Facial recognition has to be regulated to protect the public, says AI report
|Technology Review 06 Dec 2018 at 10:34|
Artificial intelligence has made major strides in the past few years, but those rapid advances are now raising some big ethical conundrums.
Chief among them is the way machine learning can identify people’s faces in photos and video footage with great accuracy. This might let you unlock your phone with a smile, but it also means that governments and big corporations have been given a powerful new surveillance tool.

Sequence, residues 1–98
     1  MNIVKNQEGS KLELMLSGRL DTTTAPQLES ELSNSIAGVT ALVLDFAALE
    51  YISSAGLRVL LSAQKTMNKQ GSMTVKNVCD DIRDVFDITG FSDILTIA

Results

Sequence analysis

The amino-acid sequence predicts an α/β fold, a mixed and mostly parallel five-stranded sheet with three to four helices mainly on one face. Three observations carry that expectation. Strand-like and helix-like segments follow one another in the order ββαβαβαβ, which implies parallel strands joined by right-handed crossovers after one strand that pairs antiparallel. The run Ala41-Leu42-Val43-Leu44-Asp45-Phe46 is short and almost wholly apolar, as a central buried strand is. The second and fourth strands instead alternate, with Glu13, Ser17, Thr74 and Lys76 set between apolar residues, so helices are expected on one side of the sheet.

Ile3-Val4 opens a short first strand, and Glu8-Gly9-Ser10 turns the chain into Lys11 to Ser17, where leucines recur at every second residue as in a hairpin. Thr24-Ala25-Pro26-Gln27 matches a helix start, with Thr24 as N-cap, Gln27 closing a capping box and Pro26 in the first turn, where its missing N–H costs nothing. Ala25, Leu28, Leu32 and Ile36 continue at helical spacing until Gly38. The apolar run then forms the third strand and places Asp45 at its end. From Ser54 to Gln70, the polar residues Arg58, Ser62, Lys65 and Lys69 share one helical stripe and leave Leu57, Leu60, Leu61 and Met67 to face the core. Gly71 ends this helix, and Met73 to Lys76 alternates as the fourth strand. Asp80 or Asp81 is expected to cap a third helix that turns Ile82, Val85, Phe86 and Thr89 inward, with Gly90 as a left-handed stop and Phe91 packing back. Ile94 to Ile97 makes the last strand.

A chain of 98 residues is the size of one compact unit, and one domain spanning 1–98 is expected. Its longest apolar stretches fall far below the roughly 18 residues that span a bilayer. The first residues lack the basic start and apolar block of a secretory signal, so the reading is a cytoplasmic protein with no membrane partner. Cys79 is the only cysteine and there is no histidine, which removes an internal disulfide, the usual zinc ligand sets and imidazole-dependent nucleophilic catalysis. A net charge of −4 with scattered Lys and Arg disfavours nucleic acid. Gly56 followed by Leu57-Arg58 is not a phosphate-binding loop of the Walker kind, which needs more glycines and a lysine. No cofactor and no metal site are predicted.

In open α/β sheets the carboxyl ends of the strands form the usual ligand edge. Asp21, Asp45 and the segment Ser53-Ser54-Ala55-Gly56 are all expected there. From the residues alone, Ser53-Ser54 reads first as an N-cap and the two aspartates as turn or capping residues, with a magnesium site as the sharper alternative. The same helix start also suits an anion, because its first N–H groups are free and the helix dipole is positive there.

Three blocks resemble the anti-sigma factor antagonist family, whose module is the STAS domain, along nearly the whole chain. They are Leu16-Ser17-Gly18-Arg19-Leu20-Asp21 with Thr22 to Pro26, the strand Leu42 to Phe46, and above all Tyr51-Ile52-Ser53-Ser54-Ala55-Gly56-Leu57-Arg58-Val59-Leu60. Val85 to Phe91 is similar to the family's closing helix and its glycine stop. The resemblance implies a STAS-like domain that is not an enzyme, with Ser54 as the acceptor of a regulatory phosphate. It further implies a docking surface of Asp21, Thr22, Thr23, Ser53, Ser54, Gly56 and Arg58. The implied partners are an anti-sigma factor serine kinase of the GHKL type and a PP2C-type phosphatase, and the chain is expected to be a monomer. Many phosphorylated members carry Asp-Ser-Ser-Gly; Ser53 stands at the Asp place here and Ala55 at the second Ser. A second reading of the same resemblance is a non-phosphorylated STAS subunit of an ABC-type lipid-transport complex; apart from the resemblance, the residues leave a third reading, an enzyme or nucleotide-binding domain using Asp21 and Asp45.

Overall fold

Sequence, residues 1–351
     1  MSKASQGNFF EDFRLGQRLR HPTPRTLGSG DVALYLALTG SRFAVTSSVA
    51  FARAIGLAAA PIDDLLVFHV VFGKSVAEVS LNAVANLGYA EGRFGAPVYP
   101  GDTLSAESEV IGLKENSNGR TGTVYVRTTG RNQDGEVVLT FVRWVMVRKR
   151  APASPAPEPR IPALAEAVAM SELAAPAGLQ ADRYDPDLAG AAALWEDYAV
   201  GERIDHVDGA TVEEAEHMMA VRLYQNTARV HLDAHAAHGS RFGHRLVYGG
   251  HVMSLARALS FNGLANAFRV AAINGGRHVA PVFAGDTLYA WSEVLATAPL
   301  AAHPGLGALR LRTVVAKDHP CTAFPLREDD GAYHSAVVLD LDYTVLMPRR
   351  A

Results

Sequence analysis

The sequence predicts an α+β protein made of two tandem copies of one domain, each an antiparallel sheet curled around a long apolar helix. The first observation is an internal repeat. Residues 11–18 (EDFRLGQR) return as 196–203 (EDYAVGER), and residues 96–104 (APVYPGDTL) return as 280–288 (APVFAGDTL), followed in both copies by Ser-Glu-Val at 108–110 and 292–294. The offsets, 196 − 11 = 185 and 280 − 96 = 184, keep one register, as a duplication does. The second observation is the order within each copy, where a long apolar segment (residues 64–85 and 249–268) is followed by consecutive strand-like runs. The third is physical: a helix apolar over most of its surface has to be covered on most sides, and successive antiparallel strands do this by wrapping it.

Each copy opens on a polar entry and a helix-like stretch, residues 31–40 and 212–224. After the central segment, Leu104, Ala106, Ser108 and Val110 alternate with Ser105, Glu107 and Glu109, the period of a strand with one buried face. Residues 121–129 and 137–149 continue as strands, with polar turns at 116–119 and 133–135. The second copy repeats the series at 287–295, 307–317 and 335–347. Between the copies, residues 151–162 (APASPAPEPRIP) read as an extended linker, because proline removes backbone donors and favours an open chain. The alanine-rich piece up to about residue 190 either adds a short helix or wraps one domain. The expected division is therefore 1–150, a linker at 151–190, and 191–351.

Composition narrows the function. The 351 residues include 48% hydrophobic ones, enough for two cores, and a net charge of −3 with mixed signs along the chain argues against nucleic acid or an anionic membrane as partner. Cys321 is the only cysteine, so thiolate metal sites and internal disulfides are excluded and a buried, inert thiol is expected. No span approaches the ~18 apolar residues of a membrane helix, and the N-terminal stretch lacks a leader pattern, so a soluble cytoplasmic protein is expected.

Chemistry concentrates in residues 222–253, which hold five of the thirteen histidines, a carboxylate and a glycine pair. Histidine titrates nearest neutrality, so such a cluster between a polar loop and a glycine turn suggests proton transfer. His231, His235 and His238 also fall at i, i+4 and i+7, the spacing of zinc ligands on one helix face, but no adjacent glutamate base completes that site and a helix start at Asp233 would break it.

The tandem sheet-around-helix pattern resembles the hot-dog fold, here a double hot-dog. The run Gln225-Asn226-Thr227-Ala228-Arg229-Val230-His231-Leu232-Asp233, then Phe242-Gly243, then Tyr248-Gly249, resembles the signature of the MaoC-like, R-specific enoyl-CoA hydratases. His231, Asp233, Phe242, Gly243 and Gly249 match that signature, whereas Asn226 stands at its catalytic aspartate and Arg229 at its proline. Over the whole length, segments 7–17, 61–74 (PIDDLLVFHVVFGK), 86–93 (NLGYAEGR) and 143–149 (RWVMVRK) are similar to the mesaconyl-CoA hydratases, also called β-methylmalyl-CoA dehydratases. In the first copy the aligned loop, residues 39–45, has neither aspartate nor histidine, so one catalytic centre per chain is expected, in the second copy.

A new report from the AINow Institute (large PDF), an influential think tank based in New York, has just identified facial recognition as a key challenge for society and policymakers.
The speed at which facial recognition has grown comes down to the rapid development of a type of machine learning known as deep learning . Deep learning uses large tangles of computations—very roughly analogous to the wiring in a biological brain—to recognize patterns in data. It is now able to carry out pattern recognition with jaw-dropping accuracy.
The tasks that deep learning excels at include identifying objects, or indeed individual faces, in even poor-quality images and video. Companies have rushed to adopt such tools.